(1) In general, there are significant user differences in spatial perception with respect to the visual style, i.e. 3D geo-visualization and real scene. The participants expressed higher level of environmental perception in real scene thanin 3D geo-visualization (r_3d=4.333, r_real=4.001, Sig.=0.044). The participants provided mental maps of real scenein more details than that of the 3D geo-visualization. Meanwhile, they perform better way-finding behaviour with shorter distance moving and less corner turning in real scene.

(2) By measuring the single influence of user characters, it is indicated that orientation idiom has significant effect onuser’s mental rotation ability. The participants who use front-back-left-right as their orientation idioms trend tohave higher correct accuracy in MRT, while those using north-south-east-west as their orientation idiom seem tohave lower correct accuracy (r_fblr=19.64, r_nsew=12.46, Sig.=0.030, Independent-samples Mann-Whitney U Test).

When we group participants with the spatial reference frameworks of self-centred reference, fixed reference andcoordinative reference(Byrne et al., 2007), it is easy to find that the type of spatial reference frameworks hasrelative significant effect on distance perception in 3D geo-visualization. Those participants using self-centredreference show the highest accuracy rate, while the ones using coordinative reference show relative lowestaccuracy rate(r_selfCent=22.42, r_fixed=15.47, r_coord=13.43, Sig.=0.056, Independent-samples Kruskal-Wallis Test). Nevertheless, other user factors, including academic background (students of cartography or non-cartography), age (from 21–24) and activity scope, show no significant influence on spatial perception in 3D geo-visualization as well as in real scene.

(3) Looking into the combined influence of multiple factors, there is a significant interaction between gender andorientation idioms on the environmental perception in 3D geo-visualization environment, but neither of themshows a significant main effect (Sig._gender=0.817, Sig._oriIdio=0.423, Sig._combined=0.037). The female participantsusing north-south-east-west orientation idiom have higher level of environmental perception than those using front-back-left-right (Sig.=0.064), however, the male participants show no significant difference no matter whichorientation idiom they use.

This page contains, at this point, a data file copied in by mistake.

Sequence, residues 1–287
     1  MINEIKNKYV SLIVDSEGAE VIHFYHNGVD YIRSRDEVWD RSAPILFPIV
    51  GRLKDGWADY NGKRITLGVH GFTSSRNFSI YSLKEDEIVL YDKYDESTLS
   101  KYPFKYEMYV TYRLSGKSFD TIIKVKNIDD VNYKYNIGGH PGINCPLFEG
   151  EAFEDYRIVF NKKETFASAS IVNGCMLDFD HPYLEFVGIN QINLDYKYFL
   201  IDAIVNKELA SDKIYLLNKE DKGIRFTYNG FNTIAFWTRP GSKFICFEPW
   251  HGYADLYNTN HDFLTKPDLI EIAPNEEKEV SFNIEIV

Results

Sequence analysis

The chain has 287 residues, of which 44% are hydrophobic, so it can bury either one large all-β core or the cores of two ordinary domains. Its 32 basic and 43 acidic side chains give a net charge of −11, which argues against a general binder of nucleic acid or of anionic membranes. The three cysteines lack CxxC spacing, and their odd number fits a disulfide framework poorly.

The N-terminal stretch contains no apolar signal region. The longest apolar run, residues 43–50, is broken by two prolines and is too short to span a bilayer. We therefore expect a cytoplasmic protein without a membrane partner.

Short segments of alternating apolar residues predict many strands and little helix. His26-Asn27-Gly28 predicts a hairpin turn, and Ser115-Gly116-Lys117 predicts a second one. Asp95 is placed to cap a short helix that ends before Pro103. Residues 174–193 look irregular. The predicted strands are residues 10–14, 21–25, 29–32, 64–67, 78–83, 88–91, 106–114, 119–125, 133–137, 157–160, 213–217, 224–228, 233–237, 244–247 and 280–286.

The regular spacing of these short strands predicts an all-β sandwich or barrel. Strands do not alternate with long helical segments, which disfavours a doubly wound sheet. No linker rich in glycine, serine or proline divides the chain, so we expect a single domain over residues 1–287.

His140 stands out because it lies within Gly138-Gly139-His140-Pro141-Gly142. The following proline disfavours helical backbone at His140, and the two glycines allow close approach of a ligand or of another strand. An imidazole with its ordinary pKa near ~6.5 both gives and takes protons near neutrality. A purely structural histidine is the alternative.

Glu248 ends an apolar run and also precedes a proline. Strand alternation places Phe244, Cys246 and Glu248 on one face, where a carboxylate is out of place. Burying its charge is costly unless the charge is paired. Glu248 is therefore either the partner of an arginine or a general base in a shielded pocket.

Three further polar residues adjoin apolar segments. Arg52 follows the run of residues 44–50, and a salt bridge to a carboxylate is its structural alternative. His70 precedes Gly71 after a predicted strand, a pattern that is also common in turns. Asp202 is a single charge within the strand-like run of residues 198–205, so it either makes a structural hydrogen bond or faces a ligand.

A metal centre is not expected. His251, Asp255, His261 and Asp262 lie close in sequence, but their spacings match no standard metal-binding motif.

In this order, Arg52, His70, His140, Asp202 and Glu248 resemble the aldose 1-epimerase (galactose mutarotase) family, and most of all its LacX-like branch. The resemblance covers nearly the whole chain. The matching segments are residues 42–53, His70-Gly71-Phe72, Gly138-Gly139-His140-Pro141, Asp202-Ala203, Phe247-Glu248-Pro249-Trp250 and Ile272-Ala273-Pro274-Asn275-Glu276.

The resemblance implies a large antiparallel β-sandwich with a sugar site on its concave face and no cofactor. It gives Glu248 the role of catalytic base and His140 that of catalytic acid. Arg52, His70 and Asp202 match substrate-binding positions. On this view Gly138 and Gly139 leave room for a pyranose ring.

Spatial reference framework and orientation idiom have similar significant interaction on distance perception inreal scene, furthermore, the orientation idiom presents a relative significant main effect (Sig._spatialRef=0.882,Sig._oriIdio=0.071, Sig._combined=0.038). The participants who use self-centred reference and orientation idiom ofnorth-south-east-west have higher accuracy rate than the ones using self-centred reference and orientation idiom offront-back-left-right (Sig.=0.007).

In addition, gender and spatial reference framework seem have relative significant interaction on distanceperception in 3D geo-visualization, and the spatial reference framework provides a main effect significantly(Sig._gender=0.223, Sig._spatialRef=0.019, Sig._combined=0.077).

These experimental results provide a bright prospect to improve the 3D geo-visualizations to fit users’ personalized charactoristics for certain spatial tasks. They will also be beneficial to the design of mixed 3D geo-visualization, e.g. immersive maps and augmented reality systems, that combines the advantages of visual 3D scene and real scene.